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Natural Choices to Combat Ageing

Accelerating ageing is affected by the following:

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Natural Choices to Combat Ageing
Natural Choices to Combat Ageing. Pixabay
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Ageing begins from when a child is born. However, there are other factors that can lead to premature ageing, including the usage of incorrect skincare products and gorging on unhealthy foods. One can achieve a perfect skin by including turmeric, ginger and green leafy vegetables in the food intake, says an expert.

Speaking at the Anti-Ageing Health and Beauty show, held at the London Olympia this past weekend, Geraldine McCulgan of the College of Naturopathic Medicine said: “What you eat today… you wear tomorrow.”

The beauty therapist shared some helpful tips on natural choices for anti-ageing and the small changes that one can effect in one’s lifestyle to help slow down ageing.

Accelerating ageing is affected by the following:

* Glycation – the process of sugar and it affects joints

* Inflammation

* Lack of nutrients

* Overload of toxins

* Free radical damages

* Stress

* Loss of ATP (Adenosine triphosphate) which regulates cellular energy

* Lack of oil and water

So if you want to slow down ageing, McCulgan recommends following a diet made up of whole grains, vegetables, legumes, mild-sweet and non-sweet fruits. One can also try the following things:

Avoid refined sugar
Avoid refined sugar. Pixabay

* Avoid refined sugar

* Eat protein with every meal

* Swap refined sugar products with wholegrain alternatives

* Eat plenty of fibre rich vegetables

* Include cinnamon – lowers blood sugar levels

* Consult the ORAC (Oxygen Radical Absorbance Capacity) scale – which identifies the anti-oxidants in foods

Also Read: Go Makeup Free Once a Week to Delay Ageing

Inflammation is behind many degenerative diseases, so here we have some advice from Geraldine on how to reduce it:

* Eat organic

* Turmeric

* Ginger

* Green leafy vegetables

* Fermented foods

* Acid/Alkaline balancing

* Omega 3 fatty acids (Bollywood Country)

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Commonly Used Antidepressant Can Help Delay Ageing of Brain Cells, Says Study

In the new study, appearing in the Journal of Neuroscience, they put the drug in the drinking water of mice at various ages for various amounts of time

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Aspirin
Aspirin may lower risk of ovarian cancer. Pixabay

Administering commonly used antidepressant fluoxetine to mice helped restore youthful flexibility to their ageing brain cells, showed a study.

The study provides fresh evidence that the decline in the capacity of brain cells to change, called “plasticity,” rather than a decline in total cell numbers may underlie some of the sensory and cognitive declines associated with normal brain ageing.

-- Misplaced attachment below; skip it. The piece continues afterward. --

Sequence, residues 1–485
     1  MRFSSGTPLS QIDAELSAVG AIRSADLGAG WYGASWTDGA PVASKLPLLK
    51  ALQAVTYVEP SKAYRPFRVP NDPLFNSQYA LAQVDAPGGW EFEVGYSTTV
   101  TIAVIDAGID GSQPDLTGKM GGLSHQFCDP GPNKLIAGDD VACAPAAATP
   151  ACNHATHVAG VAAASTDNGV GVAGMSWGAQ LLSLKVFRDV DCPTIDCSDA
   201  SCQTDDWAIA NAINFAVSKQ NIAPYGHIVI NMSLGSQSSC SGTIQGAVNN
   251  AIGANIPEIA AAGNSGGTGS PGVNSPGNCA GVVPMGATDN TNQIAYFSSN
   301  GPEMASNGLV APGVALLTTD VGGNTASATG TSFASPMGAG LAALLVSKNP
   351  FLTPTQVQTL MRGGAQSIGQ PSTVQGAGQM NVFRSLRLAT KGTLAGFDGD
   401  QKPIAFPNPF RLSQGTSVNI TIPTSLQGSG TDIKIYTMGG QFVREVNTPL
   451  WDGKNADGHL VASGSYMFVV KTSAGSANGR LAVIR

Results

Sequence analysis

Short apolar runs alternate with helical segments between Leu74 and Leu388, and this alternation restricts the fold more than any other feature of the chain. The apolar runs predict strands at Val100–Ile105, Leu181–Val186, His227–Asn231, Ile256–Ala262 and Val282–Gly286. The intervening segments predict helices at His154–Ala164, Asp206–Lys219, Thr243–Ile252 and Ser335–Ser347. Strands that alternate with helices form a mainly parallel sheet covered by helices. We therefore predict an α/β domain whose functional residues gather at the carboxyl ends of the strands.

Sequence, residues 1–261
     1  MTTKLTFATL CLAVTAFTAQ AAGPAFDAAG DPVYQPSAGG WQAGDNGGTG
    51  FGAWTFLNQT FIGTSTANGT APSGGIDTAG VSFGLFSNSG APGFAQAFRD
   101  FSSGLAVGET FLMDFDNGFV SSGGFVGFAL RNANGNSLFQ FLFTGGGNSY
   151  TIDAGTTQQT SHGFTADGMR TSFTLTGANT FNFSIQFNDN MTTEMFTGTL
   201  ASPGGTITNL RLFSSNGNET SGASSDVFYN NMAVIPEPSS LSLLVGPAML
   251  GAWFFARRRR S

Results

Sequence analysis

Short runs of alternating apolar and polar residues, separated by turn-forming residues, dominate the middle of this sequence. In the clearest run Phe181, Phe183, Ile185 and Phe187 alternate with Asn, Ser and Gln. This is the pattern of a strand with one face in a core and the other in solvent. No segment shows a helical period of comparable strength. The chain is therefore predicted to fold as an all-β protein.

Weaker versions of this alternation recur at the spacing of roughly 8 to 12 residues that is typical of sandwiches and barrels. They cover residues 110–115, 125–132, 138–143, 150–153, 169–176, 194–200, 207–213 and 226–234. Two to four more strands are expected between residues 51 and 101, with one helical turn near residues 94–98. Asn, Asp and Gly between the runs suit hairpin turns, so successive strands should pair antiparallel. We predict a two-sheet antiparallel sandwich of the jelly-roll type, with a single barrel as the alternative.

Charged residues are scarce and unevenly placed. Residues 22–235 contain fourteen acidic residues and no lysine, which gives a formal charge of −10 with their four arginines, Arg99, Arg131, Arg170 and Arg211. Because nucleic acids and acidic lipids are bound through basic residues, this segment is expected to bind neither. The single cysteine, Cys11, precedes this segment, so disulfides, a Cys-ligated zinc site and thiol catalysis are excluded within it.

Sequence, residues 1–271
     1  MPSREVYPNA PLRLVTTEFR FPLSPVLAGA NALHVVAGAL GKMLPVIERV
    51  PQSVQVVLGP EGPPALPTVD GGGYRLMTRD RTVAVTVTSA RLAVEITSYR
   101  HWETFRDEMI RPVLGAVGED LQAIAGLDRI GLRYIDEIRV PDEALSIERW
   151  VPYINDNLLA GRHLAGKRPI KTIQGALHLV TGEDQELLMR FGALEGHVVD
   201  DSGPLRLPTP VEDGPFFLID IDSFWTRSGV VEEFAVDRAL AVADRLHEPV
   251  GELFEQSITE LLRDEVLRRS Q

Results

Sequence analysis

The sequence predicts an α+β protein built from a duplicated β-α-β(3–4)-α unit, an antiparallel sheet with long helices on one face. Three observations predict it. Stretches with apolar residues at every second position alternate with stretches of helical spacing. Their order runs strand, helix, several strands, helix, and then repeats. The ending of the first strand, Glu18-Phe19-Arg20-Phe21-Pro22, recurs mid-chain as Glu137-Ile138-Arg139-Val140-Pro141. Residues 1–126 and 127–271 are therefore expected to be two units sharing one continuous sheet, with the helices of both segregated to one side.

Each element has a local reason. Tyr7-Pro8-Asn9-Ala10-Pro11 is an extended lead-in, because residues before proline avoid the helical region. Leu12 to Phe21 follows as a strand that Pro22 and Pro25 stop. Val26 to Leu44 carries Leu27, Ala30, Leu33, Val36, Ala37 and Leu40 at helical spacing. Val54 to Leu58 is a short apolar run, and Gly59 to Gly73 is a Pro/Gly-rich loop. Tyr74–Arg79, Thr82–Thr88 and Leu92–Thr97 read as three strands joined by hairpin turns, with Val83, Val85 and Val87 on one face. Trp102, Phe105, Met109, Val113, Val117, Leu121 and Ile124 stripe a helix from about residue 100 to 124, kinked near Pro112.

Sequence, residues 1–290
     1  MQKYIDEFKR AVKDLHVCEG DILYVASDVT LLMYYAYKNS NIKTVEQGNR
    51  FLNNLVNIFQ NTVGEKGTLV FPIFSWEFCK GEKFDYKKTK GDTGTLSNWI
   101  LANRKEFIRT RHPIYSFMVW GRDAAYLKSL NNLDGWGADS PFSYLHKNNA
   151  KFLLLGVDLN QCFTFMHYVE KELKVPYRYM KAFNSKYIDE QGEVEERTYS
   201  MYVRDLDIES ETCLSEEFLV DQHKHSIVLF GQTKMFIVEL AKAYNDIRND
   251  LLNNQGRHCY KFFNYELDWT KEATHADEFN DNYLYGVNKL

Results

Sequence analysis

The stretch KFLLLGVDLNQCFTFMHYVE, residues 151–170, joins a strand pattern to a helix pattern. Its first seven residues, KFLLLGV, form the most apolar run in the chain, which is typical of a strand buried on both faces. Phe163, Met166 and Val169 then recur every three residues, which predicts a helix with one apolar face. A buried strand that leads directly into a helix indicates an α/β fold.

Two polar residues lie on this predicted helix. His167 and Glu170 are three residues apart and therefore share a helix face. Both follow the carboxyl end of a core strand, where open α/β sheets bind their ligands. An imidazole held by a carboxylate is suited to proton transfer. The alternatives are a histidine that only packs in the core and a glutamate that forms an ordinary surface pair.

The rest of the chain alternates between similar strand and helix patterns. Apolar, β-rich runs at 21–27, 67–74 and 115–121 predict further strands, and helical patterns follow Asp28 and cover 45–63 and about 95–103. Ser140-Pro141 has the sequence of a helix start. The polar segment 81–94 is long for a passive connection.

Scientists at the MIT revealed that in mice treated with fluoxetine, also known as Prozac, the inhibitory interneurons in the visual cortex remained just as abundant during ageing, but their arbors become simplified and they become much less structurally dynamic and flexible.

They could also restore a significant degree of lost plasticity to the cells.

“Here we show that fluoxetine can also ameliorate the age-related decline in structural and functional plasticity of visual cortex neurons,” said the scientists including lead author Ronen Eavri from MIT.

antidepressant
Administering commonly used antidepressant fluoxetine to mice helped restore youthful flexibility to their ageing brain cells.
 “Our finding that fluoxetine treatment in ageing mice can attenuate the concurrent age-related declines in interneuron structural and visual cortex functional plasticity suggests it could provide an important therapeutic approach towards mitigation of sensory and cognitive deficits associated with ageing, provided it is initiated before severe network deterioration,” they added.

A previous study had shown that fluoxetine promotes interneuron branch remodelling in young mice, so the team decided to see whether it could do so for older mice and restore plasticity as well.

In the new study, appearing in the Journal of Neuroscience, they put the drug in the drinking water of mice at various ages for various amounts of time.

Also Read- Farhan Akhtar urges West Bengal to Correct a ‘Glaring Error’

Three-month-old mice treated for three months showed little change in dendrite growth compared to untreated controls, but 25 per cent of the cells in six-month-old mice treated for three months showed significant new growth (at the age of 9 months).

But among 3-month-old mice treated for six months, 67 per cent of cells showed new growth by the age of 9 months, showing that treatment starting early and lasting for six months had the strongest effect. (IANS)